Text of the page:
It was she who had accompanied Angeles to see me in 1995 to explore my providing Angeles with legal assistance. Angeles’ predicament, then, was that he was reportedly being hunted down by the then Secretary of the Department of the Interior and Local Government, Rafael Alunan.
Ms. de la Cruz would be a good source of corroborative evidence on many aspects of the operations of the Abu Sayyaf.
A body-guard of Angeles is likewise still alive. Some weeks ago, he told me the names of some other officers of the armed forces who "handled" Abu Sayaff matters. He is, however, deathly afraid of coming out into the open.
If we are unable to ascertain the truth about the responsibility of the CIA and some of our own military officers in the creation, training and supervision of Abu Sayyaf activities from direct evidence of the persons in the know, materials abound that weave an incontrovertible tale of their involvement through circumstantial evidence.
Among the authors who have written about the Abu Sayyaf, to my knowledge, it is Cooley who makes the most direct statement regarding the training and funding of the Abu Sayyaf by the CIA.
Cooley supports his allegations not only with documents obtained from CIA and Russian sources but with interviews that he had conducted with persons in the know of the secret operations of the CIA in connection with the Afghan war.
Today we are faced with a difficult problem of trying to contain, if not eradicate, the curse of the Abu Sayyaf in parts of Southern Mindanao.
The evidence is now overwhelming – unassailable in my mind - that the CIA was the procreator of the Abu Sayyaf and that some of our own military officers acted as midwives at its delivery and who have nursed the hooligans under illegal, if not, at least, questionable circumstances that enabled the latter to pursue their criminal activities to this very day.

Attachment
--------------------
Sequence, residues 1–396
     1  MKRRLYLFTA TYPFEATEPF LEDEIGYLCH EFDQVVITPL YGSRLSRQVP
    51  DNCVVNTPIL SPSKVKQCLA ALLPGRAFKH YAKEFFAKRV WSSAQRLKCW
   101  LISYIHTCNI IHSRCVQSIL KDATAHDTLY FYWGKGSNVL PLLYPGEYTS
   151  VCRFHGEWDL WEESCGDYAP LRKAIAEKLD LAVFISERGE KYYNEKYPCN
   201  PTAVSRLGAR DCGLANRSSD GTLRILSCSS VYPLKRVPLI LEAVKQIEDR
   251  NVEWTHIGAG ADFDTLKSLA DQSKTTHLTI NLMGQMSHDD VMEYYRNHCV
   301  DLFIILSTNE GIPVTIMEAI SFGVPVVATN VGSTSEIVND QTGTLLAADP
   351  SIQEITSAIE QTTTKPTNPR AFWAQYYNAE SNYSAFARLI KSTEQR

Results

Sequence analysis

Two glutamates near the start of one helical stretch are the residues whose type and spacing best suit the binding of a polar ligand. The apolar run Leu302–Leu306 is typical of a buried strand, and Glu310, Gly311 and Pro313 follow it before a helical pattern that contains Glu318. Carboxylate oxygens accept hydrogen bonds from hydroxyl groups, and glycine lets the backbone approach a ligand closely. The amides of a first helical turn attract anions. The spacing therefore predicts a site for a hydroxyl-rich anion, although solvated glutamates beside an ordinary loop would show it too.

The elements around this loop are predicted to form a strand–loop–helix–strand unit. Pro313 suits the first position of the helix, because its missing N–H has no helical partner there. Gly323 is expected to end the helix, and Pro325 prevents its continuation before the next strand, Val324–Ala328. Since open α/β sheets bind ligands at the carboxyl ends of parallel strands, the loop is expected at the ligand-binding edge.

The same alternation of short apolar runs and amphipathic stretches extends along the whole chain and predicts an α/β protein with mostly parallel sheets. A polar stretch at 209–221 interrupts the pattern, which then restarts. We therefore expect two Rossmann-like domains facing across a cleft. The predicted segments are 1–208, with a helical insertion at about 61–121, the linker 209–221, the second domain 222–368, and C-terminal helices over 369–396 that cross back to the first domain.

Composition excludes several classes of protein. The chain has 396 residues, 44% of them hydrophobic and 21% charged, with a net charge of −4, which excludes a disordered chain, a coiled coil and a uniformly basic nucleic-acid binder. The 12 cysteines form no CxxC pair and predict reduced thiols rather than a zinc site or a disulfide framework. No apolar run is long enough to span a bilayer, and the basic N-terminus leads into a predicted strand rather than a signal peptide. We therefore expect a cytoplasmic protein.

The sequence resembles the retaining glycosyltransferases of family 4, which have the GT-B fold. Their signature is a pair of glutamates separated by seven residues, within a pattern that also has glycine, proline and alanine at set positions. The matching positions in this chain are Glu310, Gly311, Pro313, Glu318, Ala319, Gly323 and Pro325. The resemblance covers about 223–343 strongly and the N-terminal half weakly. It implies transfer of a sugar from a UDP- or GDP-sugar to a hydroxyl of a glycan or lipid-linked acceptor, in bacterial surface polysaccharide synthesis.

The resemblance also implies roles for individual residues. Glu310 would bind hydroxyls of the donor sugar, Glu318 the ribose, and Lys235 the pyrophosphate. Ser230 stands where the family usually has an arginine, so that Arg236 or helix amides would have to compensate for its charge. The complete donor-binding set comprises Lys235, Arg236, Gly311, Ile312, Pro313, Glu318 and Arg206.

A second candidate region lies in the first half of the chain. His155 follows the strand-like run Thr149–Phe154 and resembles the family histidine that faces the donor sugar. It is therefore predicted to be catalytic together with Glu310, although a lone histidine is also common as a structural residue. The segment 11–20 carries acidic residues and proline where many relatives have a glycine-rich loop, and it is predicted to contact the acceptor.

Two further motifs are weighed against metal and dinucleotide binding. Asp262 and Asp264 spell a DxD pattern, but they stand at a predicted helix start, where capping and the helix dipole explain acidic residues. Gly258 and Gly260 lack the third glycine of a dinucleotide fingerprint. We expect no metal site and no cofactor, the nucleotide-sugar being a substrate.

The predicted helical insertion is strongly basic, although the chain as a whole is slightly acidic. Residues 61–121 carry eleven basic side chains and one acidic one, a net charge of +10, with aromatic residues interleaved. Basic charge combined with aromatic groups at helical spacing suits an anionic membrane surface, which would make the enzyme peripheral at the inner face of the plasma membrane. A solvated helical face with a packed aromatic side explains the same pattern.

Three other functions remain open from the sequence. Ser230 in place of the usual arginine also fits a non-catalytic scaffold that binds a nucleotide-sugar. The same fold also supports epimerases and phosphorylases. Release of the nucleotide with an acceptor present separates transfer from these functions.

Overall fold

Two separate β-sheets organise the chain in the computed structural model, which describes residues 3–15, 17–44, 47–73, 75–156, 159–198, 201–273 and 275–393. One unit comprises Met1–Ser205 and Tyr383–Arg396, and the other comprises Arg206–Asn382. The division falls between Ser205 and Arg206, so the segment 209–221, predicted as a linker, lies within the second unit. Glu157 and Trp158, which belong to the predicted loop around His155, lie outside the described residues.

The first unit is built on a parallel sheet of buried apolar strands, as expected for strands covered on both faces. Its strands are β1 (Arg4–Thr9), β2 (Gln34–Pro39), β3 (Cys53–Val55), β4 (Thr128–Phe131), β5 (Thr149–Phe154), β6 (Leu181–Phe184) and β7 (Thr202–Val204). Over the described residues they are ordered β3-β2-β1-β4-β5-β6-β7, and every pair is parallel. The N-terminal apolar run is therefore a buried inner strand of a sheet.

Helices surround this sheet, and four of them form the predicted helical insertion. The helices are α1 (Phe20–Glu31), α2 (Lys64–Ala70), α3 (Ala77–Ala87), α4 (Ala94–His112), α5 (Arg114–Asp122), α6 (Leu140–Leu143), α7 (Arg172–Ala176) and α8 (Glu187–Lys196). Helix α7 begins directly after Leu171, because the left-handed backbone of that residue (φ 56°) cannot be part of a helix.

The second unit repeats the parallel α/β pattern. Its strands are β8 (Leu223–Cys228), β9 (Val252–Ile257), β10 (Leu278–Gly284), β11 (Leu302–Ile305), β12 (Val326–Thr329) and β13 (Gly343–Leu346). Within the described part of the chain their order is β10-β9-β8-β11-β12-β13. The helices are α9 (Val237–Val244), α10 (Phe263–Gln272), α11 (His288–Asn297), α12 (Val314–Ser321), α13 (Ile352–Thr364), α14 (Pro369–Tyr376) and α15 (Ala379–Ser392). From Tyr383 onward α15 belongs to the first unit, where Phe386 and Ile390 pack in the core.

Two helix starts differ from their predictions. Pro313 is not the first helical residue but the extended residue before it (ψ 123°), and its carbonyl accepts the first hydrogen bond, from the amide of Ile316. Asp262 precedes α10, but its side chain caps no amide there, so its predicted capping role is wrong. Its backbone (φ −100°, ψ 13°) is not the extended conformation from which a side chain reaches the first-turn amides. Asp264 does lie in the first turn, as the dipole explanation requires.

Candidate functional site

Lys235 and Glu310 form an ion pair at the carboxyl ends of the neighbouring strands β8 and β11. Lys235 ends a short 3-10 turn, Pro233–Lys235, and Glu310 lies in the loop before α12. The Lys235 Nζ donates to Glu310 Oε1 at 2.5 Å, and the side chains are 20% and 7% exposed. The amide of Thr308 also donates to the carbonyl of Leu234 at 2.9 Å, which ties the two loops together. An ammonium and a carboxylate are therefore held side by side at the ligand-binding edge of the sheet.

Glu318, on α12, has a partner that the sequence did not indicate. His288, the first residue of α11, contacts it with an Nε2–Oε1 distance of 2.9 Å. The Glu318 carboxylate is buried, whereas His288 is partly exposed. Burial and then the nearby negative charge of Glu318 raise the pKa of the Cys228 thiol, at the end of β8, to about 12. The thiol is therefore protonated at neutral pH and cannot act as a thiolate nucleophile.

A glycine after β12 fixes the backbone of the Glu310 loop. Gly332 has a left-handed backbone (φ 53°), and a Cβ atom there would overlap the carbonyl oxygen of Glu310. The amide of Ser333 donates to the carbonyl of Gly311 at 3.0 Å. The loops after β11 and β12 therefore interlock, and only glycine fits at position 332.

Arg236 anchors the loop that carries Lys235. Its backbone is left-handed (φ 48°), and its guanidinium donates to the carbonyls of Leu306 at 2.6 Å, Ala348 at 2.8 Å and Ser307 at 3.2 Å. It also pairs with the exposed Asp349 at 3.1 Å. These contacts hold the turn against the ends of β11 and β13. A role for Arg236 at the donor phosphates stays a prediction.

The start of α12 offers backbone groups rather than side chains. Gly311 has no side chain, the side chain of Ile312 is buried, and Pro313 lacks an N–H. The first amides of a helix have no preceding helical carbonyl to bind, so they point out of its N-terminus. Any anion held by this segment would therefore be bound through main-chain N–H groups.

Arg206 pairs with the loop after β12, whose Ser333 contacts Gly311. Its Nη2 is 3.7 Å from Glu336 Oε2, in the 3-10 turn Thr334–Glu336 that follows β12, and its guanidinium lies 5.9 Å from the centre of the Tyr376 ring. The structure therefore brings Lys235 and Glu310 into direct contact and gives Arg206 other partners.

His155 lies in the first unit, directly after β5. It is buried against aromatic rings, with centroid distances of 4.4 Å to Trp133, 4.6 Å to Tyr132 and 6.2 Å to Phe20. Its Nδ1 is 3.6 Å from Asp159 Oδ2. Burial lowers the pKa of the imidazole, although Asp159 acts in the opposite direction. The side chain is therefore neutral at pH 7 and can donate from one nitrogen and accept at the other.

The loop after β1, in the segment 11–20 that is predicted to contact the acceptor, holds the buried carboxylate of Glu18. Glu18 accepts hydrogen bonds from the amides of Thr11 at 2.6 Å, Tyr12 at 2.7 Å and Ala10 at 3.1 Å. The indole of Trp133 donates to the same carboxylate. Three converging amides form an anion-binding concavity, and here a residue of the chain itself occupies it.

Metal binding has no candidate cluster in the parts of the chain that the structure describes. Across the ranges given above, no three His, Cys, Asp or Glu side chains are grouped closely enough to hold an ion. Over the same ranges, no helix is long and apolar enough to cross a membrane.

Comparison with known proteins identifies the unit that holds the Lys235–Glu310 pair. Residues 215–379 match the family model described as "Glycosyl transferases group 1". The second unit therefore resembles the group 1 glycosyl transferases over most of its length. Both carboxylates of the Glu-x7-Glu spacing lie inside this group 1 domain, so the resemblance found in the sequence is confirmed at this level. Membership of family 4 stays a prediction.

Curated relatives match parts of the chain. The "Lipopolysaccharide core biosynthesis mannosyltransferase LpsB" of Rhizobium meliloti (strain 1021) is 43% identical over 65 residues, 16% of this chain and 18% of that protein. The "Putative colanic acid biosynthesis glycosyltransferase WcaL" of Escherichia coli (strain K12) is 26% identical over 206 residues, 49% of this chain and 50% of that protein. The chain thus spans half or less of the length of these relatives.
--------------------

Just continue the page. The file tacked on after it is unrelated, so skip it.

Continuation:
We probably cannot do anything about the CIA’s responsibility in the creation of the Abu Sayyaf and the funding, training and equipping of its members by the agency. That is a thing of the past.
But we can and ought to do something about the involvement of our military officers who were active participants or conduits of the CIA in the creation, funding, training and equipping of the Abu Sayyaf.
Preventing a treasonous recurrence
We have to find out what we can do as legislators to prevent a recurrence of the situation where certain military officers of our armed forces became willing tools of the CIA in the creation, funding, training and equipping of this bandit group that has brought so much harm to the national interest in the last several years and opprobrium to our name in the last several months.
The officers who have been identified as coddlers or handlers of the Abu Sayaff in various studies and documents must be called to account.
While the paternal bonds of the CIA with the Abu Sayyaf may already have been cut off, I am not too sure that the filial connections of the Abu Sayyaf with certain officers of our armed forces have already been severed.
Investigate treasonous acts
Thus, it behooves the senate to instruct its appropriate committees to dig deeply into the circumstances under which the Abu Sayyaf was created, the handling of its funds, and the training of its partisans.
It is only fitting that any Filipino who had a hand in the creation, training and equipping of the Abu Sayyaf should be held to account for high treason and other crimes.
I urge the senate to do what needs to be done to vindicate the national honor and the rights of the people who have been savaged and brutalized by the Abu Sayyaf.